- 1. PM told to sack Sunak
- 2. Online offences added to bill
- 3. Pence dismisses Trump claim
- 4. Bailey criticised over pay rises
- 5. British Gas sorry for delays
- 6. ‘Rape’ during BBC cooking show
- 7. Covid ‘peaks’ among primary pupils
- 8. Carr criticised for Holocaust joke
- 9. Shooting at Colorado church
- 10. Royal landmark ‘without fanfare’
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1. PM told to sack Sunak
A “civil war” has erupted in cabinet, said The Times, as one cabinet minister called for Boris Johnson to dismiss Rishi Sunak, and two others accused the chancellor of being “on manoeuvres” after he criticised the PM for his remarks about Sir Keir Starmer. A cabinet minister told The Times: “Once the May elections are out the way there will be a reshuffle. Sunak has to go.” Meanwhile, the former minister Nick Gibb is the latest Tory MP to submit a letter of no confidence in the prime minister.
2. Online offences added to bill
Sending “genuinely threatening” messages are among new criminal offences being added to proposed online safety laws. People could receive jail sentences for joining digital ‘pile-ons,’ sending “knowingly false” social media posts and deliberately posting hoax bomb threats. The culture secretary, Nadine Dorries, said the proposals mean the government will be able to “bring the full weight of the law against those who use the internet as a weapon to ruin people’s lives and do so quicker and more effectively”.
3. Pence dismisses Trump claim
Former vice-president Mike Pence has said Donald Trump was wrong to suggest he had had the right to overturn the election result. Last week, Trump claimed that Pence could have overturned the election if he had wanted to. “President Trump is wrong,” said Pence, speaking in Florida. “I had no right to overturn the election. The presidency belongs to the American people, and the American people alone.” Pence added that Trump’s claim could be a problematic position if the Republicans win the 2024 election.
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4. Bailey criticised over pay rises
The governor of the Bank of England has come under fire for his comment that workers should not seek big pay rises. Andrew Bailey said: “We are looking to see quite clear restraint in the bargaining process, because otherwise it will get out of control.” But the Financial Times accused him of “hypocrisy” while the Daily Star said the “plank of England” earns £575,000 a year. A Downing Street spokesman said: “We obviously want a high-growth economy and we want people’s wages to increase.”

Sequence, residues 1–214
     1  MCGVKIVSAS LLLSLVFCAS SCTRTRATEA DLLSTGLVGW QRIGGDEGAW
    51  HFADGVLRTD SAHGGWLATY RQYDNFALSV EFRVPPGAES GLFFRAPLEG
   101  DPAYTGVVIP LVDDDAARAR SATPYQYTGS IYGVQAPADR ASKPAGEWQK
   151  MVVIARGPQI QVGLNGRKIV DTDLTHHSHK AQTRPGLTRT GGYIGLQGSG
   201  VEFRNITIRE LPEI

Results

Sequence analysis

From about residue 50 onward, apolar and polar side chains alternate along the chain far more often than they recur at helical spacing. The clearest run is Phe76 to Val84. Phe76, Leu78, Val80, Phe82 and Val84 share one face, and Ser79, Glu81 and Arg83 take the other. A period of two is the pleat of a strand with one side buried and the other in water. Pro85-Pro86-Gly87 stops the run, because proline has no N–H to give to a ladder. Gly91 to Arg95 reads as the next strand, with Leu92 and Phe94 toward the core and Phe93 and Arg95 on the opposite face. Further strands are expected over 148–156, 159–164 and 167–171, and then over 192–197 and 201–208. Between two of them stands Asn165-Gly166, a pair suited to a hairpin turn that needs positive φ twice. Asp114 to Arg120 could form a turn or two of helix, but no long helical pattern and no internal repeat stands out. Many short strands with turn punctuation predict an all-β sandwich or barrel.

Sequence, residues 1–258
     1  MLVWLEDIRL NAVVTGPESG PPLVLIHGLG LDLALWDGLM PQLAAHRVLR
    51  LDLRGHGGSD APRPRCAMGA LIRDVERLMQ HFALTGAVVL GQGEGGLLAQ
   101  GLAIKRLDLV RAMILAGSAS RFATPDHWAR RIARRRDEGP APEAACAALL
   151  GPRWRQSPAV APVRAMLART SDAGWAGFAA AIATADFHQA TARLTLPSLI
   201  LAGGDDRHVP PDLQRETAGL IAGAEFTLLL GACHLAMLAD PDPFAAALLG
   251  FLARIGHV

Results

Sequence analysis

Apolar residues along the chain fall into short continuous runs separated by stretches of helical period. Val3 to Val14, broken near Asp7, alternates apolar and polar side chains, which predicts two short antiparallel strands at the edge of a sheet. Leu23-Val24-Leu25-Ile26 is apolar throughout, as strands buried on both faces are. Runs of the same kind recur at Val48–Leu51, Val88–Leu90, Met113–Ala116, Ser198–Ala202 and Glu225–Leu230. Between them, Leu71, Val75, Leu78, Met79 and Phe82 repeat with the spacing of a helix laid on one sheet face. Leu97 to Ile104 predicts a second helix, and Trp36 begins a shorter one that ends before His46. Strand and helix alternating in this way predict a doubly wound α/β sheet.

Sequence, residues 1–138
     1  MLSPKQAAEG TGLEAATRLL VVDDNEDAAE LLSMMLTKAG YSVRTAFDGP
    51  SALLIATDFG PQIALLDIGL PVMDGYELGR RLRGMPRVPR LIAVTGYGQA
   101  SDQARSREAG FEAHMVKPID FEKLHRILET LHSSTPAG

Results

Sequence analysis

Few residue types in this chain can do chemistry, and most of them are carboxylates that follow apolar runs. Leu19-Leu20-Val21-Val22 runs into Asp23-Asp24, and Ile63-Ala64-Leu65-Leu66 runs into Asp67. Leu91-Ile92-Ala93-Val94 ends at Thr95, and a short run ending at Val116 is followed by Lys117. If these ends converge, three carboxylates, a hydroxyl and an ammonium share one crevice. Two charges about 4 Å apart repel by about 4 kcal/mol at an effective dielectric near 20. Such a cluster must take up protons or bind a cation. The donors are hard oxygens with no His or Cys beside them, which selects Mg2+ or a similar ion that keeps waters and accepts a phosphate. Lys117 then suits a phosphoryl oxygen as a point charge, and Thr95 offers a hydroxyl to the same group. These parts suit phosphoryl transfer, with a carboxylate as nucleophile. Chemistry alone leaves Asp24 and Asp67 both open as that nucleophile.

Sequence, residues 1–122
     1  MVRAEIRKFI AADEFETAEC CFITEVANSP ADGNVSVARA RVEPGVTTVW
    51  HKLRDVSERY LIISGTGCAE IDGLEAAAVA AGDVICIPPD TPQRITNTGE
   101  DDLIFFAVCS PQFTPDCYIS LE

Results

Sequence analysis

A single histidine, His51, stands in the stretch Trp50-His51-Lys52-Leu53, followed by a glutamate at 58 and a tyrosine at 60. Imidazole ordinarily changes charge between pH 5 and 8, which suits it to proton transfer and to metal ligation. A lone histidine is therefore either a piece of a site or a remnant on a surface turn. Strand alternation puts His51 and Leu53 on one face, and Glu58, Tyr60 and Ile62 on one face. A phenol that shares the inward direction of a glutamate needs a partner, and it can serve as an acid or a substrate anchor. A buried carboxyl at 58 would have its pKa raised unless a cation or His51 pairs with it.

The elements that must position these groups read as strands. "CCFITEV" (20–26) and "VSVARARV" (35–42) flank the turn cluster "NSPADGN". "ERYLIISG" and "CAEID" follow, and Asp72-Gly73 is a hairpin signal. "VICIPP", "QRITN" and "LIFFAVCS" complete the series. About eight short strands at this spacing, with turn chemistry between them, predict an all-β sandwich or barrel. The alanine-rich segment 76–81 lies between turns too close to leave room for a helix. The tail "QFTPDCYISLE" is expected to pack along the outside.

5. British Gas sorry for delays
British Gas has apologised to hundreds of thousands of customers over its failure to fix and service broken boilers this winter. Customers with broken boilers say they have faced weeks of delays and cancelled callouts despite paying for the company’s HomeCare scheme, which charges from £14 a month to provide breakdown cover and an annual service to around 3.4 million people. A spokesman said: “Our customers are the most important thing. We are sorry and trust us that we’ll improve.”
6. ‘Rape’ during BBC cooking show
A woman was raped during production of a new BBC cooking show, according to reports. City of London police are investigating the alleged attack, which is said to have happened in London in September, during filming of the programme Hungry For It. A source told The Sun the incident has made the crew “really nervous” and has sent “shockwaves” through the team. A police spokesperson said: “The evidence in the case is currently being reviewed and the female victim has been supported by specifically-trained officers.”
7. Covid ‘peaks’ among primary pupils
More than one in eight primary schoolchildren in England were infected with Covid during the last week of January. This was the highest prevalence for any age group at any stage during the pandemic but data from the Office for National Statistics suggested that infections have now peaked among primary schoolchildren. Paul Whiteman, the general secretary of the National Association of Head Teachers, said: “There’s a strange disconnect between the lack of mitigations and restrictions.”
8. Carr criticised for Holocaust joke
The Holocaust Memorial Day Trust and the Auschwitz Memorial are among the groups to have criticised Jimmy Carr for his comments about the Gypsy, Roma and Traveller community. During a Netflix show, Carr said when people talk about the Holocaust, they talk about “the tragedy and horror of six million Jewish lives being lost” but they “never mention the thousands of Gypsies that were killed by the Nazis” because “no one ever wants to talk about the positives”.
9. Shooting at Colorado church
A woman was killed and two men were injured in a shooting at a church in Colorado. Aurora Police said the incident occurred at the Iglesia Faro De Luz Church at around 8pm local time last night. The suspect fled before officers arrived at the scene, and police said they are working on identifying the shooter. However, officers said there is “some sort of a relationship” between the suspect and one of the victims.
10. Royal landmark ‘without fanfare’
This Sunday the Queen will become Britain’s first monarch to reign for 70 years but The Times said the day will “pass without fanfare”. Buckingham Palace has released new photos of Her Majesty viewing a collection of memorabilia from her numerous jubilees. Among the items on show were a fan given to Queen Victoria to mark her Golden Jubilee in 1887 by the then-Prince and Princess of Wales. “It’s very well preserved, isn’t it,” said Queen Elizabeth. “How extraordinary. And it still shuts!”
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